Activity in the UK services sector grew at its fastest rate since December 2006 in August, according to the latest figures from Markit and the Chartered Institute of Purchasing and Supply (CIPS). The headline Purchasing Managers' Index (PMI) for the sector stood at 60.5 in August, up from 60.2 in July. PMI data indicate that the UK service sector has grown in every month of 2013 to date and has accelerated with each passing month.
The service sector PMI outperformed consensus expectation of 59.0 with growth largely driven by the strongest expansion in new businesses for 16 years. The rise in new business was buoyed by strengthening market confidence which looks set to increase as half of survey respondents expected activity to rise further in the coming months. Firms also reported an improvement in market demand, in line with growing business confidence. In addition, backlogs rose at their sharpest rate since February 2000, putting pressure on capacity due to insufficient employee numbers. Despite this, growth in the employment index weakened significantly dropping from 53.6 in July to 50.6 in August, bucking the recent trend of faster headcount growth. As the largest sector of the UK economy, solid growth in services bodes well for the recovery which looks set to strengthen in Q3.
Construction has now risen for four consecutive months and in August the PMI for the sector rose to 59.7, up from 57.0 in July; its fastest pace of growth since September 2007. New residential buildings were once more the strongest performing area; higher levels of housing activity have now been recorded for seven successive months. The marked rise in civil engineering activity is an emerging positive trend as it continues last month's expansion in an area which contracted throughout Q1 and Q2 2013.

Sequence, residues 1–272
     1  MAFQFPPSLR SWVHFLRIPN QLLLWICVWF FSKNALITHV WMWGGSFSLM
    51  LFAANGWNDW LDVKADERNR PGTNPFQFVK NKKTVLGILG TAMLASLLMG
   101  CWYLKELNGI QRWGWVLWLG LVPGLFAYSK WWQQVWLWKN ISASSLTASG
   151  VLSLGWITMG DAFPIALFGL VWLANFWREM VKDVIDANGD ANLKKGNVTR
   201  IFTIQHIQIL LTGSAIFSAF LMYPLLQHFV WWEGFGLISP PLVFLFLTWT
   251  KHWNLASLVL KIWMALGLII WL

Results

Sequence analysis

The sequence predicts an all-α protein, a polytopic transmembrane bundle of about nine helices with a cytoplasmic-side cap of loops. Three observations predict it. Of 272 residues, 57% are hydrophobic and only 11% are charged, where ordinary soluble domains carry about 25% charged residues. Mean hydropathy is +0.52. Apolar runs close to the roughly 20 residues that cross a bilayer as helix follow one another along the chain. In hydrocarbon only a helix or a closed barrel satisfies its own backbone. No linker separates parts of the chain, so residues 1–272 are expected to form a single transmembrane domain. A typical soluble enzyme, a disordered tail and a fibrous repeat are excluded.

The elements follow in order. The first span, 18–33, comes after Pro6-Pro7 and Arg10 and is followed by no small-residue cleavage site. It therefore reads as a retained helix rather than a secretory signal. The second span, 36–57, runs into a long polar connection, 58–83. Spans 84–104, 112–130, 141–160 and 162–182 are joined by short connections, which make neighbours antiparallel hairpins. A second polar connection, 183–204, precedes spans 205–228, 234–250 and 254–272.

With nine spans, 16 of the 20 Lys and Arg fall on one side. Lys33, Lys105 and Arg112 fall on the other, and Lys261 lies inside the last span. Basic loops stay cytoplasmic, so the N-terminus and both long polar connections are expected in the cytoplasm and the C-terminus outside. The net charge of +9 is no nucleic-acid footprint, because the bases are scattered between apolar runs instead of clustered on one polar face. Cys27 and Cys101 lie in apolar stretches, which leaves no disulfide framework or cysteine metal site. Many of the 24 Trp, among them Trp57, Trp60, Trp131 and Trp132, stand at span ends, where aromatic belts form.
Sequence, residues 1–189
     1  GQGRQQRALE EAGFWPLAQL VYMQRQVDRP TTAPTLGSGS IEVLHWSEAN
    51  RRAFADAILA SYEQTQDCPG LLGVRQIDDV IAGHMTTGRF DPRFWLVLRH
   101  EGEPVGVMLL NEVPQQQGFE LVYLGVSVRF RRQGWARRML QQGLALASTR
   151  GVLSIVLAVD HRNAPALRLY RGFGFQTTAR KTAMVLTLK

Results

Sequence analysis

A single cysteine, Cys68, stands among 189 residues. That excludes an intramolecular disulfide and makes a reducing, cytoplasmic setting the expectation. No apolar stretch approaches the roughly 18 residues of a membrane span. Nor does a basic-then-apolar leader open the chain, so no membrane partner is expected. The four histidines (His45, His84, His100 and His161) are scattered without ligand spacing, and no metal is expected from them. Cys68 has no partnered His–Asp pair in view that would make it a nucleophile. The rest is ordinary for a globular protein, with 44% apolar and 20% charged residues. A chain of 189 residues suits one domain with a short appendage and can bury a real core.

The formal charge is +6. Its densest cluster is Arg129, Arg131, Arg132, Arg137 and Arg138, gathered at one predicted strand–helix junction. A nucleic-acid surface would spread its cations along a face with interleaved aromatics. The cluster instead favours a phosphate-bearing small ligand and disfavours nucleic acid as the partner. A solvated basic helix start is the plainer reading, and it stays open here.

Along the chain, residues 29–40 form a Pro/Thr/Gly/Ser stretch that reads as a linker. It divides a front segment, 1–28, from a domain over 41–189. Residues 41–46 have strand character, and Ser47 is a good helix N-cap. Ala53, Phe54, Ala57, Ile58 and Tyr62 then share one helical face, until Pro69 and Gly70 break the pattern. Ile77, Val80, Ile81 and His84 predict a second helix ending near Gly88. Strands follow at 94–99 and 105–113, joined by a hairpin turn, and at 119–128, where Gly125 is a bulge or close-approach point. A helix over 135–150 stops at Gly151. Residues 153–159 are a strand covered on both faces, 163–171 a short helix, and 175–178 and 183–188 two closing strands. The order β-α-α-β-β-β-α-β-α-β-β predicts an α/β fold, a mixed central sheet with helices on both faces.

Manufacturing, too, has shown resolute growth in recent months and in August the PMI rose from 54.8 to 57.2; its highest level for two-and-a-half years. Moreover, output and new order growth rates reached their highest points since 1994, supported by a reported increase in export demand from the USA, China and crucially the UK's main export partner, the Eurozone. However, this was not reflected in the employment index which maintained growth but at a slower rate than July, as companies looked to maximise the output of existing staff. In addition the marked rise in the price of inputs led to the highest cost inflation growth in two years.
The strong growth in all three sectors is of undoubted benefit to the economy and may put pressure on Bank of England Governor Mark Carney's pledge to keep interest rates at their record low level until unemployment falls below 7%. This is not predicted to occur until 2016 but markets believe that sustained growth may force the central bank's hand before this is the case. As noted by the Governor of the Bank of England, UK employee productivity is no higher than in 2005, so firms have plenty of scope to increase output by making existing employees more productive as opposed to hiring new workers. This could serve to keep unemployment elevated even as the economy recovers - so market expectations that interest rates will rise before 2016 may be unwarranted.
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